rn: Global impact of drug wars & who profits


Jan Slakov

Date: Wed, 28 Jun 2000 07:47:08 -0400
From: Eric Fawcett <•••@••.•••>
Subject: sfp-167: global impact of drug wars, and who profits

This paper reports on the impact of the drug wars on the poor, mostly
black, back home in the USA, and reminds us that the poor in the majority
world are its victims, while the drug kingpins and the resource-hungry
multinational corporations make huge profits.

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Stubborn facts versus thick skulls
by Sean Gonsalves

Whoever coined the phrase "facts are stubborn things" has apparently never
come across drug war advocates - a self-righteous bunch, undeterred by
trivial matters of fact.

Let me share a few of these trivial facts with you. According to the
United Nations Drug Control Program (UNDCP), the illicit drug industry is
an annual market of $400 billion. That's eight percent of world trade -
higher than the exports of the automobile industry, worldwide.

Of course, the illegal drug business creates huge profits. A kilo of raw
opium in Pakistan costs about $90 on average. In America, a kilo of opium
sells for about $290,000. The UNDCP says that illicit drug profits are so
inflated that 75 percent of all drug shipments would have to be
intercepted by law enforcement agents in order to seriously reduce the
profitability of the business. Right now drug cops, internationally, only
intercept 30 percent of cocaine shipments and 10 to 15 percent of heroin

In 1969, the Nixon administration spent $65 million on the drug war. In
1982, Ronald Reagan - the patron saint of "free-market" conservatism -
increased "big government" spending on the drug war to $1.65 billion. The
"liberal" Clinton administration upped the ante to $17.1 billion in 1998.

That figure, obviously, does not include the $99 billion that the National
Institute on Drug Abuse conservatively estimates to be the economic costs
of drug abuse in America. And even though a 1994 Rand Corporation study
found that increasing drug treatment is the single most effective way to
reduce drug consumption, 60 percent of drug costs go toward drug-related
law enforcement, incarceration and crime.

What's driving all these illicit drugs in the U.S. market? The popular
misconception has the problem being one of all those baggy-jean,
bandana-wearing gang-bangers and crack-addicted, promiscuous black Jerry
Springer show guests. But according to the Substance Abuse and Mental
Health Services Administration, 74 percent of all illicit drug users are

Who's being locked up? Mostly poor blacks that see the profitable drug
industry as being their most realistic opportunity to achieve the
"American dream." According to the Justice Department, 70 percent of all
U.S. prisoners are either drug offenders or were regular users prior to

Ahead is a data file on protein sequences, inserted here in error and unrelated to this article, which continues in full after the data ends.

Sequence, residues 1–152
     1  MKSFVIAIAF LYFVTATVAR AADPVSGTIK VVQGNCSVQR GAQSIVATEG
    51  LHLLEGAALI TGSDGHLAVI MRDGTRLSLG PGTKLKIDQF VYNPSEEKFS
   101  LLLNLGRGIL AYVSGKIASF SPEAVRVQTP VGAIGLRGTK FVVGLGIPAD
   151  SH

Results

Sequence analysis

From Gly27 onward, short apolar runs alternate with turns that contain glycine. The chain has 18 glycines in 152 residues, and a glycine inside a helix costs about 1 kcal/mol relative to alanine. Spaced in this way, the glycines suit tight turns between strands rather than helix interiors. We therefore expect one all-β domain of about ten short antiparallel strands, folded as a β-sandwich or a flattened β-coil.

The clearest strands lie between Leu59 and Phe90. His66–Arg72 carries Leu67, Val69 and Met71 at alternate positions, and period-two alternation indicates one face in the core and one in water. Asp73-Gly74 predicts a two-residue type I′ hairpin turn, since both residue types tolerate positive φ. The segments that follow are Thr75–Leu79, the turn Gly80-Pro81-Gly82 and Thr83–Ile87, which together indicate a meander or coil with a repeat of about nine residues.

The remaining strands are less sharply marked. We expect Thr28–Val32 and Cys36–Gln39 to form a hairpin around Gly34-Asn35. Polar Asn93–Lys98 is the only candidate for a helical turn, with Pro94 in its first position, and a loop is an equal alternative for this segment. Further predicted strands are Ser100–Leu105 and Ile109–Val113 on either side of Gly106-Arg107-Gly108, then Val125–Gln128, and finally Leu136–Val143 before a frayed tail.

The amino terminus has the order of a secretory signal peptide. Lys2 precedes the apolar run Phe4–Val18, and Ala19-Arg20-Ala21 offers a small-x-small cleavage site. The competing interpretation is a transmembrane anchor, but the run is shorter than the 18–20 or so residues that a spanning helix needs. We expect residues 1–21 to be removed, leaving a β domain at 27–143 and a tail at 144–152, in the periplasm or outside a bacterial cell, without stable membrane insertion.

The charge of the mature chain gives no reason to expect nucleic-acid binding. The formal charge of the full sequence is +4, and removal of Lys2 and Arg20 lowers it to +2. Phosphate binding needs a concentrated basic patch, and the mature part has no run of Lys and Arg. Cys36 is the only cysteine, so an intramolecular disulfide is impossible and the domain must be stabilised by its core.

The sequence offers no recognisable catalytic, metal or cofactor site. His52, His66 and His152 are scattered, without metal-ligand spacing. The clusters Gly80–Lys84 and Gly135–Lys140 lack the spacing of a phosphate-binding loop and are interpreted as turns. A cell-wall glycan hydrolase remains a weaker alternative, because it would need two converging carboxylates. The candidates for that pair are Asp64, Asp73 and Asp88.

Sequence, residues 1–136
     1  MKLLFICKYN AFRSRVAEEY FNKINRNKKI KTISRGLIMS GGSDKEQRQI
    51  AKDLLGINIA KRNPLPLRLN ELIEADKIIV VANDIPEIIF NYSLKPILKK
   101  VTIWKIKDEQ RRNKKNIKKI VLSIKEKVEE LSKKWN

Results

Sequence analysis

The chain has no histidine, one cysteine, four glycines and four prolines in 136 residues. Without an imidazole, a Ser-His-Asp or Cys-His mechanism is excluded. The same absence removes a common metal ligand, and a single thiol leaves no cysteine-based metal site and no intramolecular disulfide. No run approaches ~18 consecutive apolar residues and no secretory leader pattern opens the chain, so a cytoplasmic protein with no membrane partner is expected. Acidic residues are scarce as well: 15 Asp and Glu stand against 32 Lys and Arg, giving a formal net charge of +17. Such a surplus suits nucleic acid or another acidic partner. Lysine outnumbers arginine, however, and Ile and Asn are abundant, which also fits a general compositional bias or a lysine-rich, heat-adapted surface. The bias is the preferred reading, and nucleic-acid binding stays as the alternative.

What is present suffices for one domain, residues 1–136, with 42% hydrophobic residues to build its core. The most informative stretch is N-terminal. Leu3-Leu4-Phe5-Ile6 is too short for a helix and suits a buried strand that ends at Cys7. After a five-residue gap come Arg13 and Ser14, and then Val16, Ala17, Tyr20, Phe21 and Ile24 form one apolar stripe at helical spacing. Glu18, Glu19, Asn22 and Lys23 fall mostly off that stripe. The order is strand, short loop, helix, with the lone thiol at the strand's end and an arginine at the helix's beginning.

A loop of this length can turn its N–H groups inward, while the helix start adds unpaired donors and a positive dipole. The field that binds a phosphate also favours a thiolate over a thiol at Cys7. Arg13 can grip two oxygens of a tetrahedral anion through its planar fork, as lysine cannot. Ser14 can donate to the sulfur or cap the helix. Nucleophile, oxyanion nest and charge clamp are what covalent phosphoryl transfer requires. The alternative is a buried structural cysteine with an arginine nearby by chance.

incarceration. There are now more Americans in prison than there are on
active duty in the military. Between 1990 and 1996 the number of blacks in
federal prison for violent and property crime decreased by 726. But in
that same time period, the number of blacks in federal prison actually
grew by 12, 852 in the category of drug law violations. Only 11 percent of
America's illicit drug users are African-American but my people account
for 37 percent of those arrested for drug violations, according to the
Bureau of Justice Statistics.

The incarceration rate for black men in America is four times as high as
it is in South Africa. Two years ago the American Psychologist reported
that harsh measures like three-strikes-and-you're-out laws
disproportionately imprisons blacks and Hispanics, who are guilty of
little more than a history of untreated addiction and several prior
drug-related offenses.  States will absorb the staggering cost of, not
only constructing additional prisons to accommodate increasing numbers of
prisoners who will never be released, but also warehousing them into old

And let's not harbor any illusions that the drug war is about going after
smugglers and kingpins. According to the Office of National Drug Control
Policy, of the 1,506,200 arrested in 1996 for drug law violations, 75
percent (1,131,156) were for drug possession. Only 25 percent were for the
sale or manufacture of a drug.

Our aid to Colombia is alleged to have something to do with going after
drug kingpins. Right now Colombia is embroiled in a civil war. If you read
declassified documents and scholarly essays written by our military
planners, you'll find that their primary concern is using violence to
establish a nice climate for foreign investment, especially on behalf of
U.S. based corporations.

The idea that we are helping the Colombian government fight drug
trafficking would be laughable if it didn't mean death to so many
Colombian peasants who are murdered and repressed with our crucial
support. The Colombian government has the worst human rights record in the
hemisphere. And it is estimated that Colombian narcotics cartels spend
$100 million annually in bribes to Colombian officials.

Apparently drug war advocates are immune to facts. Meanwhile, the poor
abroad, and particularly the black poor here in America, are taking it on
the chin. As a former boxer, I can tell ya: a fella doesn't take it on the
chin without at some point either fighting back or getting knocked out.
Neither option is very promising when the arena is not a boxing ring.

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